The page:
[Stackless] Planning Stackless Lite

Christian Tismer tismer at stackless.com
Thu Feb 4 21:42:55 CET 2010

Hi Andrew,

--- On Tue, 2/2/10, Christian Tismer <tismer at stackless.com> wrote:
> CT>  This sounds strange without some commentary:
> CT>  PyPy supports soft switching only. This is not a
> CT>  deficiency, but a virtue.
> I wasn't implying that soft switching was a deficiency. Rather I
> thought it would be a benefit. From reading documentation, there is
> an order of magnitude difference in speed between hard and soft
> switching. I thought that even though  PyPy is slower than CPython/Stackless, the soft switching should allow a PyPy programme
> that uses I/O to get comparable performance to its CPython/Stackless counterpart.

Yes, at least. I actually would not wonder if it would outperform
Stackless soft-switching, because the generated implementation
is more sophisticated than the hand-crafted patches used by
Stackless ever can be.
> I am assuming the two major bottlenecks are the context switching and the
> system calls.
> CT>  This soft switching is possible since PyPy has full control
> CT>  over itself. And in this context, things like Greenlets do not
> CT>  exist.
> Okay. I am trying to get a handle on this as a end-user. If I run say
> a simple network test with pypy-c compiled with the --stackless option,
> all other things being equal, I should get comparable performance
> to  a Stackless Python equivalent? I guess I can test this.

This is worth to try, yes.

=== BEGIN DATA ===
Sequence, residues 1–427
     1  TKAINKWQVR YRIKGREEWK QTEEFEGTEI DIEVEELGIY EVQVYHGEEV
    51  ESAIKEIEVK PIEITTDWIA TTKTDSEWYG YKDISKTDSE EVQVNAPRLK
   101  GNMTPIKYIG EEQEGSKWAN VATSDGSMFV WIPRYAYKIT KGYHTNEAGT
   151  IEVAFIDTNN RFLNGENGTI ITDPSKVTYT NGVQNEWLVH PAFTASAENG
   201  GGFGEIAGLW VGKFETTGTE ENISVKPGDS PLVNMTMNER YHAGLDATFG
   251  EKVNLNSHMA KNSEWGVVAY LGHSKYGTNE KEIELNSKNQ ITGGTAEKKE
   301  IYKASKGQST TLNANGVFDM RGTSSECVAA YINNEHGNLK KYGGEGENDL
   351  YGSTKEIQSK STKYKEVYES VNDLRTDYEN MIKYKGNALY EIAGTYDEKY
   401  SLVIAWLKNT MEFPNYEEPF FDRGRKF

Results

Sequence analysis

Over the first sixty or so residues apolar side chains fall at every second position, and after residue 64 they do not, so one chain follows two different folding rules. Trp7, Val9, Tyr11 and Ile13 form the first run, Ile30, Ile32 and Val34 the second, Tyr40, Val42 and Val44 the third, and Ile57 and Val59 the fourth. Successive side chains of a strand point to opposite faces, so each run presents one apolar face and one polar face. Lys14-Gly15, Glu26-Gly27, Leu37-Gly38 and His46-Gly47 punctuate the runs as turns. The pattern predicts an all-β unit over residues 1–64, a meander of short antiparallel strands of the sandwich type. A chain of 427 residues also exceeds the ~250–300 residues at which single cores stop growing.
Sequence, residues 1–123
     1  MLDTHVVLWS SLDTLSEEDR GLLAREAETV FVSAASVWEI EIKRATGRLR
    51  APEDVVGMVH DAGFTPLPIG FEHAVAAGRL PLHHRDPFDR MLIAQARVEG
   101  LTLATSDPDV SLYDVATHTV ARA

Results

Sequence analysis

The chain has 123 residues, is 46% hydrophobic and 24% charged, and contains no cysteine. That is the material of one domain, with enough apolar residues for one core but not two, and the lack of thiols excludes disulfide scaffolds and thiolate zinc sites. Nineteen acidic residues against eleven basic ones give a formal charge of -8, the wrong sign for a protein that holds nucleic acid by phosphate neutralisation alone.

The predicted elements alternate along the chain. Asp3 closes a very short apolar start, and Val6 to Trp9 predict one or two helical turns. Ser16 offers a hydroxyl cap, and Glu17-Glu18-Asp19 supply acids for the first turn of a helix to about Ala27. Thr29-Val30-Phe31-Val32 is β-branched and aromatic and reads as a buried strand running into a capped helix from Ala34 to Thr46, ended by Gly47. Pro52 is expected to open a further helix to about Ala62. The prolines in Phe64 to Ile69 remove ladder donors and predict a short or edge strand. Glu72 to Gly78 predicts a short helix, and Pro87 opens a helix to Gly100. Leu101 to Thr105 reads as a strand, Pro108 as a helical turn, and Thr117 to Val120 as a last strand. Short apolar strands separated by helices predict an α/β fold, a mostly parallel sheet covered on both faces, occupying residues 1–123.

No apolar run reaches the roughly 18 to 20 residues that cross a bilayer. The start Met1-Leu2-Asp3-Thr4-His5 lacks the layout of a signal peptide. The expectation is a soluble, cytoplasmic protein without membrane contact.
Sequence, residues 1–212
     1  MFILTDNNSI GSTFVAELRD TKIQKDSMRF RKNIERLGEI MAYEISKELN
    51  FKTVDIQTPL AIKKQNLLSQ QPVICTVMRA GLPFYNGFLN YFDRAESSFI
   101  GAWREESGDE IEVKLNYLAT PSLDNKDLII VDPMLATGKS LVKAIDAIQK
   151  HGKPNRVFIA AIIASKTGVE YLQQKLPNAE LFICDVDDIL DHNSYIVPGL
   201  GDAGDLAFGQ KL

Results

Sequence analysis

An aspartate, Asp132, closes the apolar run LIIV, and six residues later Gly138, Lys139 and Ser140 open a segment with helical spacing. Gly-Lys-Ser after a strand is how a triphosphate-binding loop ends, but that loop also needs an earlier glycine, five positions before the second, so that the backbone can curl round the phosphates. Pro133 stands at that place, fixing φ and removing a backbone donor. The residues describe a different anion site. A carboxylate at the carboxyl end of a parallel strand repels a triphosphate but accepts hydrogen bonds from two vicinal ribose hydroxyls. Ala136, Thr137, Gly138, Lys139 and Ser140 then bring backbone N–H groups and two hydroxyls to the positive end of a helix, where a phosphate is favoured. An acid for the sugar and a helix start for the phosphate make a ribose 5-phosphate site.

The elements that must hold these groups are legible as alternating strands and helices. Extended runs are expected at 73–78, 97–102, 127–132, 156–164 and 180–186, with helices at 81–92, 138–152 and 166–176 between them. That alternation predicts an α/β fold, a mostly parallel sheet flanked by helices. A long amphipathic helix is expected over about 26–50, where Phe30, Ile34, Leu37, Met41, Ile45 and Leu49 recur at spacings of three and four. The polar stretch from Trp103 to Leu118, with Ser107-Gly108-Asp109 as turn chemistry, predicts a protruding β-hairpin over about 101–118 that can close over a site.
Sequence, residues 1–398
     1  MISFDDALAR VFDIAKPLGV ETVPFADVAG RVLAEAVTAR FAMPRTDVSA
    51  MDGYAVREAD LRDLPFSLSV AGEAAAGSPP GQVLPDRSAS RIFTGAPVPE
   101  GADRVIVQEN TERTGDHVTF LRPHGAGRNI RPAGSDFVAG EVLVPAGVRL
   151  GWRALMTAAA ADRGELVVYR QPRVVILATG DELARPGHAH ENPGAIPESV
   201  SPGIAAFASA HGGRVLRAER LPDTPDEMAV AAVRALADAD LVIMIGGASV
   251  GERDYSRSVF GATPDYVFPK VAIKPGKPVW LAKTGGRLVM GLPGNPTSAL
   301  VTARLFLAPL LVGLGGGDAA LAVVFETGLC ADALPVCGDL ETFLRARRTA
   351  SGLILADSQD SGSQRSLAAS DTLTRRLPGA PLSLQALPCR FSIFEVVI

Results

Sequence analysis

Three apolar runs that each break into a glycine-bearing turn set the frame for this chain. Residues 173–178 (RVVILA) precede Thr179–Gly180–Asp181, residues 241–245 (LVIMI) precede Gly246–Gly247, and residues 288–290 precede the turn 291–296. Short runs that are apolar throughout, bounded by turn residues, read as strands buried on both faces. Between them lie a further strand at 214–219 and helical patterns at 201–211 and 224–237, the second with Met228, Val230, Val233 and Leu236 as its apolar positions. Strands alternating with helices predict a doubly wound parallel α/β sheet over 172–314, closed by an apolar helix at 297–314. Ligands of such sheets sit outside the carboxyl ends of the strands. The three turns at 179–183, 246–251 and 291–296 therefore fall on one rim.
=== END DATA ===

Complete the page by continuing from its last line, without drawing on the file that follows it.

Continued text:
>> Yes, as an application on top, but that is unrelated.
> CT>  For this soft switching to work, the underlying system must
> CT>  be able to do stack unwinding. When PyPy is translated to C,
> CT>  this is implemented by all the transformations of flow graphs
> CT>  into C routines.
> So greenlets can be taken out of the stackless.py module if one
> is compiling to pypy-c? Again, pardon my lack of knowledge. In this
> context, what are greenlets providing? Does this imply that stackless.py
> needs a minor rewriting?

Yes, greenlets are only there for emulation.  PyPy does not
know about greenlets at all. It just assumes that a few essential
special functions are supported which do the stack handling.
The reason to use greenlets was their ease of use. We did not
want a dependency on Stackless, we needed some independent
context switching engine.
Of course you can remove it from stackless.py, it is for
testing only, without translation.
> CT>  What you are referring to, and that is a unification that I
> CT>  cannot leave leave as is, is the case when PyPy runs on top of a
> CT>  Python interpreter. The Python interpreter must then emulate soft
> CT>  switching, for testing purposes. Exactly for that case
> CT>  using the greenlets for emulation came in handy, just as a
> CT>  surrogate.
> CT>  But this use case of Greenlets has nothing at all to do
> CT>  with PyPy and does not belong to the PyPy world. It is an CT>implementation detail for a feature that seemed impossible to
> CT>emulate for PyPy on top of Python, but it works great.
> I understand. However this capacity, this setup (translate.py or CPython
> with greenlets and stackless.py) works great for prototyping
> features. I think  prototyping features directly in Stackless
> Python (and 'C') would be a rough ride.

Being an extension module is the crucial benefit of greenlet, here.
With Stackless lite, the same thing will be possible.
Prototyping in C is a different story in both cases.

cheers - chris

Christian Tismer             :^)<mailto:tismer at stackless.com>
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